A simple but delicious veggie pasta sauce. able. He’d turned away from the helm for only a minute to set up the auto-helm, and inadvertently turned in almost a complete circle, just as I had. The next five hours was a focused cycle of checking the course, checking the radar, plotting our location on the chart, and listening. With the help of VTC and our radar, we avoided a container ship, two tugs with tows, and a small power boat that had been making about 20 knots directly toward us. We did our best to stick to our routine. Roy rested while I stood watch. Shortly after he got up, the lovely smell of oatmeal cooking made my stomach rumble. I was so hungry I could have eaten a seabird. We reviewed the events of the morning over breakfast and fresh, hot coffee. Given the gale that had blown through the night before, we did not expect fog, and I did not check the weather before leaving the slip. I should have corrected our GPS course to go around the buoys as soon as I realized the pictures of all time is of Kialoa III (one in a long line of Jim Kilroy’s famous racing yachts), going for broke while flying every downwind sail imaginable: Main, Mizzen, Spinnaker, Mizzen Spinnaker, and Blooper. Giddyup!! Most of today’s sailors have not had the thrill/terror of flying a Blooper in heavy wind. Not to worry! Recently the Offshore Racing Rule (not to be confused with the old IOR) has changed their rule by allowing Bloopers to be flown on boats that were built in the Blooper era. So now, you might get that chance! As for me, I am holding out for a Whomper… .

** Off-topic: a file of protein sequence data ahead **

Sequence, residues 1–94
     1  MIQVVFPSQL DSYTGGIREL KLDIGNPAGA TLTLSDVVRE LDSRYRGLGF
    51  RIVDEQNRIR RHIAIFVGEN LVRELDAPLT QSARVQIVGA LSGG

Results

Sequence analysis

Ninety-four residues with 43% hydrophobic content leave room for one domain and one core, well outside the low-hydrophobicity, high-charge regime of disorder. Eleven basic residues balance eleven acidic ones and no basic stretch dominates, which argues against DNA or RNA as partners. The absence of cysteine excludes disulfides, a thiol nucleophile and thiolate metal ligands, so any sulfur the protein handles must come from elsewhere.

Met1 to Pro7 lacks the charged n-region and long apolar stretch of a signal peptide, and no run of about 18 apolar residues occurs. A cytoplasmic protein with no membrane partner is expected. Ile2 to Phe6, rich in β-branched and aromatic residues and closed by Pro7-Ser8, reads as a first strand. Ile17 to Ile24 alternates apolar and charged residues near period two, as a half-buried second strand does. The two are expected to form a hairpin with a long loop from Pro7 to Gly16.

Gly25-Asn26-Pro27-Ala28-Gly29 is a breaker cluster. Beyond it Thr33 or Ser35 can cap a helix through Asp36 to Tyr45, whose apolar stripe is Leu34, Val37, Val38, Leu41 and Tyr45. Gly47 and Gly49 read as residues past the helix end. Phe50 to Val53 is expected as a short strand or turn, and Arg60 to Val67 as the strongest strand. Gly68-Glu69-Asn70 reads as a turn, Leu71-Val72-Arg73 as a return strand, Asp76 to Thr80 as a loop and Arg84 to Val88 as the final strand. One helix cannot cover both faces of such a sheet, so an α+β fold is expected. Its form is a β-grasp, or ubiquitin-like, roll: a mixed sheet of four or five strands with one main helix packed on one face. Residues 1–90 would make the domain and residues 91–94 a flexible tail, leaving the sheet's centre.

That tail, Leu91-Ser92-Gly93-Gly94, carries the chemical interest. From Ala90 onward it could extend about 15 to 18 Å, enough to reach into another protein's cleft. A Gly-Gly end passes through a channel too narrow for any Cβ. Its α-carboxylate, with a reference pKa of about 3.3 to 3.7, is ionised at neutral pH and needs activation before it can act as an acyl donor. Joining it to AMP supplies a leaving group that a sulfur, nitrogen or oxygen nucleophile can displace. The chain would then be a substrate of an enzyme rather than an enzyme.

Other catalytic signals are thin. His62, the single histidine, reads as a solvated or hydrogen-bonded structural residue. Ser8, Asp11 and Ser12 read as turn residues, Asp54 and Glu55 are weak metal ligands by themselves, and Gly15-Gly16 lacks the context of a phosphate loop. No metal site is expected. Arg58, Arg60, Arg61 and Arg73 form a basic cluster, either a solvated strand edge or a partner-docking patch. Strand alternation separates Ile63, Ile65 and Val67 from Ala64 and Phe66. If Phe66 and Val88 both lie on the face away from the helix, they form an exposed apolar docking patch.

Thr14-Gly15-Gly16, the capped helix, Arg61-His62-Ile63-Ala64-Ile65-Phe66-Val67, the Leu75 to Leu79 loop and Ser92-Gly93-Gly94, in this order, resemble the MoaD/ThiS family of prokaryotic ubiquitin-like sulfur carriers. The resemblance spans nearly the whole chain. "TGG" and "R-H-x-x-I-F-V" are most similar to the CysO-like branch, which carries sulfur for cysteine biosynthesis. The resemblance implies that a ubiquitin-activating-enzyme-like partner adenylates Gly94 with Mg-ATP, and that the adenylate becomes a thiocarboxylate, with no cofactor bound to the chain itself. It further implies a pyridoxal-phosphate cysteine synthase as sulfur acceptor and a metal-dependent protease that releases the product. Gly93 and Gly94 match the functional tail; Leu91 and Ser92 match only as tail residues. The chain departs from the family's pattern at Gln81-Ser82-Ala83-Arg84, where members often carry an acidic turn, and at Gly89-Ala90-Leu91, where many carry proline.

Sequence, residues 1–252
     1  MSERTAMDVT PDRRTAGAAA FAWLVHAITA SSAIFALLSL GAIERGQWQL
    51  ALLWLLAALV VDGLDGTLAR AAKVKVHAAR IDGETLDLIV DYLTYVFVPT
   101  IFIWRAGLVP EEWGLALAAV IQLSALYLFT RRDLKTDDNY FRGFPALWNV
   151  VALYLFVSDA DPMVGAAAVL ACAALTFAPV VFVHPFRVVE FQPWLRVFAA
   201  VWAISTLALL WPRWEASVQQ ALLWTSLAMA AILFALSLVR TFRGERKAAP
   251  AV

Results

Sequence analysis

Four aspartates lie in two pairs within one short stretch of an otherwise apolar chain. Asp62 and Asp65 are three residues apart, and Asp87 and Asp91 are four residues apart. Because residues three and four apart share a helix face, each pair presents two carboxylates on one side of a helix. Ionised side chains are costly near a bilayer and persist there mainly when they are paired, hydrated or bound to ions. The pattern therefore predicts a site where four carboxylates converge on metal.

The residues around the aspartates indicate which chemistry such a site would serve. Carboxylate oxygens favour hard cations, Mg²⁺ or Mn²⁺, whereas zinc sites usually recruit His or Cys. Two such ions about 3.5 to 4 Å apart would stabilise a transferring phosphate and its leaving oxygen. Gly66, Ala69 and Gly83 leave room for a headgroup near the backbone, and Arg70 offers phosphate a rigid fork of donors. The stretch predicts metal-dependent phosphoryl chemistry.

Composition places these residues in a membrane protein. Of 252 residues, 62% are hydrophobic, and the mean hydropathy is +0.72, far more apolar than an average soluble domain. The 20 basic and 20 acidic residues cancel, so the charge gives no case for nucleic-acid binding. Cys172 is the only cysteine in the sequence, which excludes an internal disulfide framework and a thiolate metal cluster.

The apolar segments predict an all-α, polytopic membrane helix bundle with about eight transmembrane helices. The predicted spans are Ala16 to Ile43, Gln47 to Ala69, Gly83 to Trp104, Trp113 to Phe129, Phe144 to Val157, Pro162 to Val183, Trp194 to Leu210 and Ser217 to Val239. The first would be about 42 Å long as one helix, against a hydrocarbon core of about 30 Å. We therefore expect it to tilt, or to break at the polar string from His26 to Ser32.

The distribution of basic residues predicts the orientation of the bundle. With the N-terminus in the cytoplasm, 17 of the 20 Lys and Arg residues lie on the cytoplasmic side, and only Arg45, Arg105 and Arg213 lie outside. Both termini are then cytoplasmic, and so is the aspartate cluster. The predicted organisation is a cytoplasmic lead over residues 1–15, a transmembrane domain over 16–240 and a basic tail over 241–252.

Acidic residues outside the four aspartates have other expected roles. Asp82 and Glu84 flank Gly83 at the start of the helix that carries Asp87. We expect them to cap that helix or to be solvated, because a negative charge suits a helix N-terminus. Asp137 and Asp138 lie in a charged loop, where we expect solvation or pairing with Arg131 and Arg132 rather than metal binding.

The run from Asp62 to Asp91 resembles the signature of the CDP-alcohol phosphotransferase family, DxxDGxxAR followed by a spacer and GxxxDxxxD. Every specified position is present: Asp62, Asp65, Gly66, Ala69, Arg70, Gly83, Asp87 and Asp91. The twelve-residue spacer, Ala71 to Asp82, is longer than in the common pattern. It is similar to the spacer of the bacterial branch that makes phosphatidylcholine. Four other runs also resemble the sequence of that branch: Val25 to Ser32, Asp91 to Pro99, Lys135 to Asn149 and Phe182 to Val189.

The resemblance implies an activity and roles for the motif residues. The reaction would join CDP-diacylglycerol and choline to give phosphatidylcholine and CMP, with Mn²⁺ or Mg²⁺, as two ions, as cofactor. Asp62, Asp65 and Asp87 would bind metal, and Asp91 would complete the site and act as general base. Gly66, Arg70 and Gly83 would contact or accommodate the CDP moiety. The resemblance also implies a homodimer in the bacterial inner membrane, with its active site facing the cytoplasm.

error. I had the radar warming up before we left, but did not have it set to transmit, so as to avoid blasting other boats before we departed the marina. Having it set up on the appropriate scale would have enabled me to navigate the channel. Finally, we should have made sure that we had snacks on hand to give the watch person energy and brain power. Roy and I were lucky. We were also humbled. The fog lifted as we approached Cattle Pass, like a curtain lifting, opening the way to the magic islands. We arrived at our summer home in time for a late lunch – after tidying lines, of course. We relaxed in the cockpit over lunch, then fell in to the Vberth for a nice, long nap. As much as I love cooking aboard, when it comes to crossings, it is better to have food that can be easily heated and served without fuss. Roy and I recently stumbled across a fail-proof way to make a fantastic spaghetti sauce. The main tip, or trick, was a thing I learned in a cookbook by America’s Test Kitchen. Rather than add spices to the sauce when everything is mixed together, put them in with hot oil along with the sautéing vegetables. This makes the flavor just explode when the liquid ingredients are added.

Fail-Proof Pasta Sauce • ¼ cup olive oil • 1 small sweet onion, chopped • 1 red or yellow bell pepper, seeded and chopped • 2-3 cloves of garlic, finely diced • 1 bunch of basil, coarsely chopped • 1 tablespoon fresh rosemary, coarsely chopped • 1 tablespoon Herbs of Provence • 1 can tomato sauce • 1 can diced tomatoes • 4-6 baby portabella mushrooms, sliced thick • 1 zucchini or summer squash chopped (optional) Mix the basil, rosemary and Herbs of Provence in a small dish and set aside Heat the olive oil in a deep pan. Add the onion and bell pepper and sauté until the onion is starting to turn clear. Add the garlic and spices. Stir, turn down the heat to medium and simmer for about 2-3 minutes. Drain the diced tomatoes reserving some of the liquid. Add the tomato sauce and diced tomatoes to the veggies. Turn the heat to low and let simmer for 10-15 minutes. Add reserved liquid if the sauce is too thick. Roy and I recently discovered a gluten-free pasta made from Soy beans that is quite tasty, so if you are trying to steer clear of gluten or carbs, try the sauce over something like that, or spaghetti squash. Whatever the delivery mechanism, it will be wonderful. Fair Winds, and Bon Appetite!

JUNE 2016